Pacific Paddler magazine - August 2012 - (Page 24)

I can't run, my knees hurt Ouch!!! You’re ramping up your running to prepare for distance season. Suddenly your knee begins to hurt, but you try to push through it. As you continue on the pain is worsening; so much so that you have developed quite a limp. NOT GOOD! Let’s figure this out, break it down, and get back to running. After all, Coach [insert name here] will call you out if you give excuses. Worse yet, you may lose your seat in the canoe if you are not 100%, or not as fit as [insert another name here while shaking your fist]. Runner’s knee is one of the most common knee problems that doctors diagnose. However, it sneaks up on you without much warning and stops you in your tracks. The pain to the front of the knee usually creeps in just when you are feeling good and upping your game. Just to be illusive, it has other names too: patellofemoral syndrome or chondromalacia patella. Basically, runner’s knee is caused by stress between the cartilage of the femur (thigh bone) and the patella (kneecap) where they meet at the knee. This happens for various reasons, but the By: Danene Brown, PT and Jennifer Kelii, PT ing as the culprits to poor running style. Once the puzzle pieces come together, a plan to get you back to not only running, but also running more efficiently is put into action. EXCELLENT! In the meantime you may want to cut back on the mileage and try these exercises: Quadriceps stretch to lengthen the muscle across the knee. Hold onto a palm tree with one hand. Using your right (left) hand, pull your left (right) foot toward your butt. Feel the stretch in your thigh, hold 30 seconds, 3x. Single leg fly to build core strength, hip stability, and balance. Stand beside a table and place hand on it for balance. Balance on the opposite side foot with the knee slightly bent. Hinging at the hip, slide the hand forward along the table as you lift the opposite leg. Keep the weight distributed evenly in the foot to feel tension in the outer hip, hold 30 seconds, 3x. At Jaco Rehab, our slogan is to "Treat it, Don't Repeat it". Have fun this race season! most common ones are: imbalances in strength/flexibility of the hips and knees, faulty alignment of the femur versus the patella, and improper or excessive loading on the knee. Another reason may be a faulty running style. It may affect women more due to their natural curves, but can happen to any runner at any age. Likely it is a combination of these factors, and once the pain starts it’s like a domino effect ultimately putting you on the sidelines. We often see this surface when runners try to increase mileage, speed, or hill training and end up backsliding. If unchecked the cartilage in the knee joint may wear down, developing a more permanent problem…arthritis. DEFINITELY NOT GOOD! The good news is that runner’s knee responds well to physical therapy! Your PT should discuss your training efforts and shoe wear, then evaluate your strength, flexibility, and balance to determine your weaknesses. A thorough gait analysis, (hopefully with video), should reveal biomechanical flaws. Typically we see overstriding, heel striking, and upright postur- 24 Pacific Paddler - August 2012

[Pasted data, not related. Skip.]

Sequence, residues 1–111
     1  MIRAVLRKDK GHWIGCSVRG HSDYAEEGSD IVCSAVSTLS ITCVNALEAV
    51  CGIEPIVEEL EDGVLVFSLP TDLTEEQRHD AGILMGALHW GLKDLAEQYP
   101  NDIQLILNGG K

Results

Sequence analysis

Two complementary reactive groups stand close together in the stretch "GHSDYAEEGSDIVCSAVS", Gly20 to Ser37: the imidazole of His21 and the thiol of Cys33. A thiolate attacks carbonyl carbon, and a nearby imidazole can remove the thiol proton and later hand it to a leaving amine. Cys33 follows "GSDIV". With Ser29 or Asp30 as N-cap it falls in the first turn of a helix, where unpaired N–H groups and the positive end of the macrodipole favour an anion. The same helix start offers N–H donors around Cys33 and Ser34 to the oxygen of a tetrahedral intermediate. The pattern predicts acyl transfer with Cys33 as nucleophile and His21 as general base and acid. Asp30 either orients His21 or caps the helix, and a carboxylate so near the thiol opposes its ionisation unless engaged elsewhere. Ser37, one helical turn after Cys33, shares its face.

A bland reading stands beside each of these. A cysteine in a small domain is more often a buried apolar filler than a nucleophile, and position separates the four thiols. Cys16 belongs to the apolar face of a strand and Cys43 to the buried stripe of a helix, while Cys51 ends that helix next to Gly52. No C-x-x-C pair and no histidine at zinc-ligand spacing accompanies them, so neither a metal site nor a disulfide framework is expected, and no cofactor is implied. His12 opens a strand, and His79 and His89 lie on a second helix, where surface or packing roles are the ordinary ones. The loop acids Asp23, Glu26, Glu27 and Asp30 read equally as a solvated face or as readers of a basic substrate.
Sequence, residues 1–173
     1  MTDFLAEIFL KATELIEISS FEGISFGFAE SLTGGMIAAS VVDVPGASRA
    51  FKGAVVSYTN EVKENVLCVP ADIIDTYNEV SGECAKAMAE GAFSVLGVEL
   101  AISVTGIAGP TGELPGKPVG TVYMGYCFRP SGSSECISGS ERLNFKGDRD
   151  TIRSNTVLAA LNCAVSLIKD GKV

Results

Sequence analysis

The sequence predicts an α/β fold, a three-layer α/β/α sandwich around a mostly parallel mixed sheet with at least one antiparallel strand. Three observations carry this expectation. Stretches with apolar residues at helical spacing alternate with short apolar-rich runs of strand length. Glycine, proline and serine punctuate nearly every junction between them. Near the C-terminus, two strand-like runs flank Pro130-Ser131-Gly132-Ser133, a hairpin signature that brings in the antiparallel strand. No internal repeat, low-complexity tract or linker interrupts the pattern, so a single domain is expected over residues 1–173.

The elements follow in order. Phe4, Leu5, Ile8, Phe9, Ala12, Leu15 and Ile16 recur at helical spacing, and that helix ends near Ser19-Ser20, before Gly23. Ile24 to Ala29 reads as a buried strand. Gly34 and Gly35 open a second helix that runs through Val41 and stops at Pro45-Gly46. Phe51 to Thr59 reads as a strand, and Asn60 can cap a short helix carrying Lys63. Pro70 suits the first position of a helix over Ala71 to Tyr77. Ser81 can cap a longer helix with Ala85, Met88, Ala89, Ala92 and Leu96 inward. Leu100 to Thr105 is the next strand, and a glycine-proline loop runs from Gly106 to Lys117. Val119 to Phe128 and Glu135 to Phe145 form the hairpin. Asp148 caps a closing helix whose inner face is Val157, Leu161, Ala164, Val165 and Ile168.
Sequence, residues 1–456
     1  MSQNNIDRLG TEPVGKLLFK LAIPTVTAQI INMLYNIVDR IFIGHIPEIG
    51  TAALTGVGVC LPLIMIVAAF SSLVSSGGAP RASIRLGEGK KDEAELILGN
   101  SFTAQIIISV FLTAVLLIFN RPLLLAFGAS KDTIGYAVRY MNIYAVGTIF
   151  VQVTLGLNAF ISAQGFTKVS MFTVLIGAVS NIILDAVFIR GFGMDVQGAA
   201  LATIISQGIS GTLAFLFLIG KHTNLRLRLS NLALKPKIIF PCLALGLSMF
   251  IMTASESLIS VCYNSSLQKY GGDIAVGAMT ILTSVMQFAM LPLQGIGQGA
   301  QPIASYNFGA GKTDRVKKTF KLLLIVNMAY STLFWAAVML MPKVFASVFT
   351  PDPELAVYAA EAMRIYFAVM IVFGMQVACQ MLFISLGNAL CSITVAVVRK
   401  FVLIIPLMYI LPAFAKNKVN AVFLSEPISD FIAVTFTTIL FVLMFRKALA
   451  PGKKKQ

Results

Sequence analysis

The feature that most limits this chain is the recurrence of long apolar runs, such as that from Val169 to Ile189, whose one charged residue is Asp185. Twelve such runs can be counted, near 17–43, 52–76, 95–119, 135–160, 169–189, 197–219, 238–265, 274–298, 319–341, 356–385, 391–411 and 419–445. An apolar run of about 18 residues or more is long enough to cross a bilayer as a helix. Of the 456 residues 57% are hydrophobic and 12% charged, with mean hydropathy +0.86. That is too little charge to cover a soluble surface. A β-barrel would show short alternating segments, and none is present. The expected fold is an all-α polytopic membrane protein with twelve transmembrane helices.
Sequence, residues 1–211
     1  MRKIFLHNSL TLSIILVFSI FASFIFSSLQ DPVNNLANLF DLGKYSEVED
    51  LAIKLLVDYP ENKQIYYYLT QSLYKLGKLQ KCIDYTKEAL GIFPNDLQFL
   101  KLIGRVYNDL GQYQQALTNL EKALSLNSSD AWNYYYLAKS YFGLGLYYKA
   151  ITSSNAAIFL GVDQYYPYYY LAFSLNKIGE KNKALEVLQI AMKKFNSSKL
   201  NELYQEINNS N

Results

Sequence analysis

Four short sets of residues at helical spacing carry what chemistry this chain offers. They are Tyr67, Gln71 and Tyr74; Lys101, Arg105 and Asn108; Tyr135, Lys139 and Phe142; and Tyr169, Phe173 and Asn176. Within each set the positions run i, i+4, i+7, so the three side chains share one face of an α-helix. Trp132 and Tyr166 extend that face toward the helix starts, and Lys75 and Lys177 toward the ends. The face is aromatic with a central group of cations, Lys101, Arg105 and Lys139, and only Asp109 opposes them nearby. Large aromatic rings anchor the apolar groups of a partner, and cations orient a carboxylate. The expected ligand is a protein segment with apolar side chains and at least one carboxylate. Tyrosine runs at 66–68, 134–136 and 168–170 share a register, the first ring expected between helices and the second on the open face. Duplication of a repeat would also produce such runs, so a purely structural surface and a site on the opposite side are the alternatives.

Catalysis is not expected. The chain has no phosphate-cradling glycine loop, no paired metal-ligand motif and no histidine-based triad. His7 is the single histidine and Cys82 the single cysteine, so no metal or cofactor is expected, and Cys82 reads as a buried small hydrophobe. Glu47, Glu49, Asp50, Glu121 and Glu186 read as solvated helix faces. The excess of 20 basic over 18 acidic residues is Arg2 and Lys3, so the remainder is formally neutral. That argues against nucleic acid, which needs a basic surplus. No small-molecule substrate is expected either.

Table of Contents for the Digital Edition of Pacific Paddler magazine - August 2012

Cover Liberty Challenge 2012
Contents August 2012
Hawaiian Airlines Liberty Challenge
Gold Coast Cup
MacFarlane 4th of July tradition
Waikiki Beach Boys Regatta
OHCRA Regattas 1,2 & 3
Na Ohana O Hui Waa
Island Iron Rips
I can't run, my knees hurt
OHCRA Champs photos
HCRA State Program

Pacific Paddler magazine - August 2012